Updated: 2 days ago
When a business decides it needs security measures there is usually an apparent risk which is the catalyst to start a security plan. It doesn’t always need to be a sinister event that kicks off a security risk assessment. In our experience, good companies, following business standards in their industry, will be addressing risk as part of their ongoing compliance. They are anticipating the risk rather than just responding to a threat.
We encourage business owners to approach the implementation of security measures, whether it be full-time guards, or the installation of CCTV, in the same way. What risks are there to your business and how can you reduce, or even eliminate those risks from turning into a negative experience.
Standard Operating Procedures (SOPs) - Security
Standard Operating Procedures (SOPs) for security solutions, should include a risk assessment of a new site, as well as an ongoing review of security arrangements. The tasking of updating and reviewing security measures can be outsourced to a security integrator with more than one solution. We say this, as it can be very easy to be fixed on providing security patrols when in fact the installation of 24-hour CCTV could do just as good a job of maintaining a security presence and recording events.
Risk Assessment Process
Buyers of security services should also see this activity as part of their task list in developing a plan to appoint a private security vendor. Security can be a huge chunk of any business budget so when it comes to “sharpening the pencil” on these costs, it’s vital to use all the tech and systems available to get a proportionate outcome at a sensible price.
Too many times we have been to a site where a previous vendor has pitched a guarding rate which is overkill, has failed to look at cameras and access controls, and hasn’t even prepared a risk assessment. The customer has been clutching at straws to get the right security solution, which is based on experience but is not based on the risks for that site.
In Florida, we have seen a number of instances where customers are buying armed security for a site that doesn’t need this type of guarding. Armed security rates are more expensive than unarmed, and so the customer is far too much to protect a site which doesn’t need it. Even putting armed security on to a site needs careful analysis. The presence of weapons heightens the risk in certain areas. So careful evaluation is needed of what is the risk and how can this be managed to maintain security, save a life, and protect assets. Armed security is a very heavy and expense response on many occasions.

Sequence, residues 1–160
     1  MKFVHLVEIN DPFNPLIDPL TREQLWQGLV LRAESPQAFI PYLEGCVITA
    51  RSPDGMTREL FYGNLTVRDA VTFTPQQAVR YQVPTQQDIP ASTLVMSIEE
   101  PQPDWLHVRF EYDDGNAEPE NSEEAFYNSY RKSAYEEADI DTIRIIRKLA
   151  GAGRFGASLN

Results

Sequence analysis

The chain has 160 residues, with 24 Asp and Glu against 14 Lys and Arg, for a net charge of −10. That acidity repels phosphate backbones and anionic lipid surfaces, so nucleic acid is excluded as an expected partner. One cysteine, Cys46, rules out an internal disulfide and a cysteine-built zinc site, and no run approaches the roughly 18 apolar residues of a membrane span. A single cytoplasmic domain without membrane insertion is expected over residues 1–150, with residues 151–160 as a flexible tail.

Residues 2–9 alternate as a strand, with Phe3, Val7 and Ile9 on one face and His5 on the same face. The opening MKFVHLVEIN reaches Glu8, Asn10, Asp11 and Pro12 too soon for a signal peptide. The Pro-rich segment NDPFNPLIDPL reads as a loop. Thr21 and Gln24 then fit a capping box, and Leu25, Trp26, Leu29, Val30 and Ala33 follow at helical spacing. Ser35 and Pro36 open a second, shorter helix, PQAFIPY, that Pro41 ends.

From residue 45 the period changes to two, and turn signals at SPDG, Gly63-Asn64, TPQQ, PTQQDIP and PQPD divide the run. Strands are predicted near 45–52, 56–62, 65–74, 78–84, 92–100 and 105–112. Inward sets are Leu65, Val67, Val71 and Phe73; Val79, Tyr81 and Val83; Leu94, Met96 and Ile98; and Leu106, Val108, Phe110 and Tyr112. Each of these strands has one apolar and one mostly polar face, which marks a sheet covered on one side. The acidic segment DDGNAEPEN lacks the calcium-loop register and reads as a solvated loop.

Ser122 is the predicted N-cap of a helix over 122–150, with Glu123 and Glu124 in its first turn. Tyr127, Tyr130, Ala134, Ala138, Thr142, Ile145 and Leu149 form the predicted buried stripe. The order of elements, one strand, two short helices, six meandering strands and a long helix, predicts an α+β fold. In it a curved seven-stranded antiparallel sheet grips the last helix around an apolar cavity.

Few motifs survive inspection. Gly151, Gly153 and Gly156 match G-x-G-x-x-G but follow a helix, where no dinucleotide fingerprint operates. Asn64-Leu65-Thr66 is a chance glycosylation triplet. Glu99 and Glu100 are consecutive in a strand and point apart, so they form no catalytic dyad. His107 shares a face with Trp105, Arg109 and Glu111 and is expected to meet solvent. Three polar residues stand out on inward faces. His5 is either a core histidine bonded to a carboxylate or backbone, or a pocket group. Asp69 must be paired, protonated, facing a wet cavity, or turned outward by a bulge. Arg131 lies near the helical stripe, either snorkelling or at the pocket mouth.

Security Needs and Risk
Risks that may increase the need for security include the history of the site, the actual location where the site is located, and the future use of the site. For example, in London, we are often moving protestor/trespassers on from sites which are due for development. We can anticipate the protest coming up and take steps to secure the site BEFORE the protestors arrived. Cutting down trees and maintaining security teams on vulnerable sites is a way of staving off a much more expensive eviction operation.
What is a Security Risk Assessment & Why is it Important?
Your broker may also have advice on what sort of security controls can help reduce the cost of premiums.
The aim of the risk assessment exercise is to understand YOUR organization’s risk profile BEFORE you approach a security vendor. Defining your particular requirements and the objectives helps ensure you are not oversold or undersold the security service you need.
Mini Risk Assessment
Defining those requirements needs careful management and ideally should be a cross-functional team task. If your organization has a number of sites and buildings needing coverage, then each site or particular building should have its own “mini risk assessment”.
Risk Assessment Plan
To get started on thinking and planning for assessing risk here are a few tips |
When starting the exercise, start with a compliance questionnaire in front of you. If you don’t have one to fall back on start with the blank sheet of paper especially if you have just had an intrusion or incident and it has made you sit up and think about how you want to stop that event from happening again.
Walk the building or site. Checkpoints of access and egress. Check obvious risks such as elevators, escalators, fire precautions, hazardous materials and other risks such as the location of electrical cabinets, data rooms, fire hydrants and particular in Florida – deep water.
Develop a site map – easy to do using Google and start and to visualize where risks have happened or COULD happen.
Capture all the controls you do have in place including access controls, cameras, fire extinguishers, alarm buttons, guard stations and your current post orders – and use your experience and knowledge to see how you would like to improve the systems you already have in place.
From these 5 steps, you will create a blueprint of your risk assessment. If you can get the text into a spreadsheet, or table then you have a checklist. From this document, you can look at creating the specification for your integrated security plan.
Unfortunately, we see too many prospective customers telling us that the “incumbent” is not doing a good job and they want to replace them with us to do the same job. Our response is to help our people change the way they look at security to ensure they have all their bases covered. The risk assessment process becomes a logical way to take the right steps forward.
At the end of the day, the security service in any organization should be an integral part of the successful operation of the business. We encourage our customers to take a risk assessment before launching into the type of guards needed. This helps customers achieve a logical and cost-effective security plan, along with a consistent and improving picture of security for future development.